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Techniques Conditioning > Pairing

Description | Example | Discussion | See also



Pairing is a core aspect of conditioning in the way it is deliberately used to connect stimuli (including cues and rewards) to responses. More completely, the process of conditioning includes:

  1. Connecting a reward with a reward word (eg. food with 'good dog').
  2. Connecting a reward with an action (eg. food for sitting down).
  3. Connecting a cue with an action and reward (eg. 'sit' with sitting down).

The basic principle of pairing in conditioning is that things that occur simultaneously or in close succession will become associated with one another.

Removal of a pairing is called 'extinction'. Typically this is done by removing any reward for an action such that the subject eventually gives up, although other methods may be used.


A mother hugs her daughter 'good morning' when she gets up in the morning. The girl associates getting up with the warmth of the hug and before long she gets up on time rather than being slow in rising.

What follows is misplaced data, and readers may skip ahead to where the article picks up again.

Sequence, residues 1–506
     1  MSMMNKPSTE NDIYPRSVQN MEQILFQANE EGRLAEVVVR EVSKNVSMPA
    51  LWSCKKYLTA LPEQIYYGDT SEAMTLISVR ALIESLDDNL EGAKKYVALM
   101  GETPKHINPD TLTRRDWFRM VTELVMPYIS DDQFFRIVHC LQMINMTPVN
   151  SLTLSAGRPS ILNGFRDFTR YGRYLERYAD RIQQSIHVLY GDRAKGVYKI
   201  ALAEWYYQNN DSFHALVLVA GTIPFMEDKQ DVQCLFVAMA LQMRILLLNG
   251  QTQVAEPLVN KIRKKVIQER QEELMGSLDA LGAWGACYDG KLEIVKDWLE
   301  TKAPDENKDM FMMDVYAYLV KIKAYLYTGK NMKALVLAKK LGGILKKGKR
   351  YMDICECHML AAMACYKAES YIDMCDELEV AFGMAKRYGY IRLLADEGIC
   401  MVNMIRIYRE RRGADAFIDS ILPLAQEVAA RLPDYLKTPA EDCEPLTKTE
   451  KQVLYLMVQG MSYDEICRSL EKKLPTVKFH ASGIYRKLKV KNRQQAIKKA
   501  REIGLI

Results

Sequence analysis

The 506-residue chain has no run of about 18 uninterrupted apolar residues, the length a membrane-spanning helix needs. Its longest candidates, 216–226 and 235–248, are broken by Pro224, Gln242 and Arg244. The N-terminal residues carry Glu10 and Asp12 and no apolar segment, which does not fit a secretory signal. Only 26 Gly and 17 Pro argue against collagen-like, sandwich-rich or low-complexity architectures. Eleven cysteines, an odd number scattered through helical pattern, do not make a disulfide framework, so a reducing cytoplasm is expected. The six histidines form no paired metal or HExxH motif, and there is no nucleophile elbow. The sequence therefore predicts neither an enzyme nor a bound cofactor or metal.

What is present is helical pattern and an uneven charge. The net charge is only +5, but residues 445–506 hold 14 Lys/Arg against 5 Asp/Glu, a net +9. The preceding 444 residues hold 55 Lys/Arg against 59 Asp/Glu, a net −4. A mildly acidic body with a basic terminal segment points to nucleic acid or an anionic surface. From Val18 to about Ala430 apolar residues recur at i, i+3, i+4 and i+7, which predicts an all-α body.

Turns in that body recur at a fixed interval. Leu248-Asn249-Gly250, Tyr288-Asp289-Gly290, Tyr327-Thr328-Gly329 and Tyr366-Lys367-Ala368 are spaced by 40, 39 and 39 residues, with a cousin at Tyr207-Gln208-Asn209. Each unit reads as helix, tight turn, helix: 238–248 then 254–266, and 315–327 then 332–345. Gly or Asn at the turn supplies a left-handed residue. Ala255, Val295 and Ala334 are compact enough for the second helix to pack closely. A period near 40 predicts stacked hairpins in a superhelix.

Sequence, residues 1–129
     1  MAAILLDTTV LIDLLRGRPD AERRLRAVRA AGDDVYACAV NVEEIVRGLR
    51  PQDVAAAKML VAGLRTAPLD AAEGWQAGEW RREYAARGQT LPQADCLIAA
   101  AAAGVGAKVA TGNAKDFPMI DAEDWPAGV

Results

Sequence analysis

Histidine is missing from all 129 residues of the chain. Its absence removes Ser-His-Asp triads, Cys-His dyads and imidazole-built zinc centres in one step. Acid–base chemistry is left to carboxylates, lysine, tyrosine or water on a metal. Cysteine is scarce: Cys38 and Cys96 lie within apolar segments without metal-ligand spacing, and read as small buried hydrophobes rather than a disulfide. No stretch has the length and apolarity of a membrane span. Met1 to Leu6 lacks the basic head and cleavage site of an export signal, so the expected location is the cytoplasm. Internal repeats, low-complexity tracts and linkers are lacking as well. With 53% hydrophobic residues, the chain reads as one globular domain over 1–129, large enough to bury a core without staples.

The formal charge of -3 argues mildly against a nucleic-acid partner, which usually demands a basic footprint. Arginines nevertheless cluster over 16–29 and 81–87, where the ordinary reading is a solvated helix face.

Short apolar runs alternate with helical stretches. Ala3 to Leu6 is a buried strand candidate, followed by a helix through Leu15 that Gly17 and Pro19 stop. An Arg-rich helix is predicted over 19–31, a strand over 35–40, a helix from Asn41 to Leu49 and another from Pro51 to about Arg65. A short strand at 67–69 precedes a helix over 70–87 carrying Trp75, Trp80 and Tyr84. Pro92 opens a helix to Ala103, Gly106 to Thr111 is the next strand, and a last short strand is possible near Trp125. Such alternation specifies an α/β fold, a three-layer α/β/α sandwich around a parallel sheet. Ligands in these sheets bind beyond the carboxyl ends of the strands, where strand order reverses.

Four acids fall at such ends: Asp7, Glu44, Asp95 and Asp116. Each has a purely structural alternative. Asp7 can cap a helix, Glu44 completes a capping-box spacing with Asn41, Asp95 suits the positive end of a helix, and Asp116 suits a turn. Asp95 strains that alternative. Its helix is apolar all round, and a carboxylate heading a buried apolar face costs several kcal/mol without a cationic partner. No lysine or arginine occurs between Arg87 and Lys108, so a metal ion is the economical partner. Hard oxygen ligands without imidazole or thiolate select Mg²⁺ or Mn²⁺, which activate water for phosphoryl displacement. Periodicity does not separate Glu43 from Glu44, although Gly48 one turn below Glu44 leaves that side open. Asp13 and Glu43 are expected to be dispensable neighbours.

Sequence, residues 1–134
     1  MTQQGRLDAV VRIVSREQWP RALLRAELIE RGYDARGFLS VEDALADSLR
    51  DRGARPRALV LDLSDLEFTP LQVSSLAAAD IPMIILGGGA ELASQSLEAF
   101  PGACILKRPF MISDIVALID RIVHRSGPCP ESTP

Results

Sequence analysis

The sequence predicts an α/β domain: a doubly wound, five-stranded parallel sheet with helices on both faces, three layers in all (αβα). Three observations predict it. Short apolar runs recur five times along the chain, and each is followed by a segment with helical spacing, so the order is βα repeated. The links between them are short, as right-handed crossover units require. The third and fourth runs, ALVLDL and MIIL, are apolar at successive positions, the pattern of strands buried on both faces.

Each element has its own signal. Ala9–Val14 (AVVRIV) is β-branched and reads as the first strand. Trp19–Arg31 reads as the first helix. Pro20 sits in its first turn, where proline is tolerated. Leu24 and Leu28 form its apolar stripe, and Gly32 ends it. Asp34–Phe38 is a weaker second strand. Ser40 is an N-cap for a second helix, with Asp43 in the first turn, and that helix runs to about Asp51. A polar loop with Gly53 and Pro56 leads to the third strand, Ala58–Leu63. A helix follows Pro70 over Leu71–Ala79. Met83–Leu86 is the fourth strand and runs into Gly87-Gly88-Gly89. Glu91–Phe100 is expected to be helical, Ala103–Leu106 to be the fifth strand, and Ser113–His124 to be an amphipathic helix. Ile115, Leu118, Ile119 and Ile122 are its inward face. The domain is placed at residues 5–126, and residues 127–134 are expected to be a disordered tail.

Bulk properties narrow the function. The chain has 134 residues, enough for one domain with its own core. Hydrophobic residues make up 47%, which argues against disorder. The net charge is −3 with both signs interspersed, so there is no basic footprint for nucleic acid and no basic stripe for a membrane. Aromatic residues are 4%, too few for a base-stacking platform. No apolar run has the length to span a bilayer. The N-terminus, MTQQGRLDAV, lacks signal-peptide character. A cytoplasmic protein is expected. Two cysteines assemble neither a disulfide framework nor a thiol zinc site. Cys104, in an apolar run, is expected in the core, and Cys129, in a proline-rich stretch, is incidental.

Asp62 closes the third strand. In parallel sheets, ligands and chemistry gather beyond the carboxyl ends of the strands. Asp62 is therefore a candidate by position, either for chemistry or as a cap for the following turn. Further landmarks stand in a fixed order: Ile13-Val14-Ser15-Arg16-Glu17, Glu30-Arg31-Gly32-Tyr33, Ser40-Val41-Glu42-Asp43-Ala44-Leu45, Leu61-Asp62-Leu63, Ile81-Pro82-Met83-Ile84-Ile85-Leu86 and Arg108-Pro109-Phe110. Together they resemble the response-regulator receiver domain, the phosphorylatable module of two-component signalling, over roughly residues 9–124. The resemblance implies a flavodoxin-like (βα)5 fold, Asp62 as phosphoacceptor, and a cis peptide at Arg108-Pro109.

A dog owner gives a morsel of food to the dog and says 'good dog'. Before long, 'good dog' gets attention and makes the dog wag its tail.

A dog learns that when its owner puts on a certain coat he is going for a walk. Now when the owner picks up the coat, the dog gets excited.


The brain is a highly associative structure. Our neurons form into chains as we think, often with the same neurons being used for multiple thoughts. Patterns from one idea appear in others, for example in the way we see basic shapes (circles, triangles, squares, etc.) within more complex shapes. When we think of one thing, our thoughts immediately connect into a network of associated thoughts. For example if we think 'government' we may think of particular politicians, governmental buildings, TV courtroom dramas, recent political news and so on.

We cannot help but connect items based on all kinds of similarities, including:

  • Things that happen at the same time or in sequence.
  • Things that look, sound, taste, smell or feel similar.
  • Things that are located near one another.
  • Things that have something else in common.

While pairing can be very useful in training, it can also happen in unwanted ways, with the result that the subject may be cued to act or become aroused in expectation by things that you do not intend.

Pairing is the basis for learning many things and we often make cause-and-effect connections between things we associate, even if this causal relationship does not exist. In particular, we causally associate sequential things. If A happens then B happens, we assume A causes B. This is an important principle in conditioning.

See also

Association principle, Habit, Alignment principle, Bonding principle


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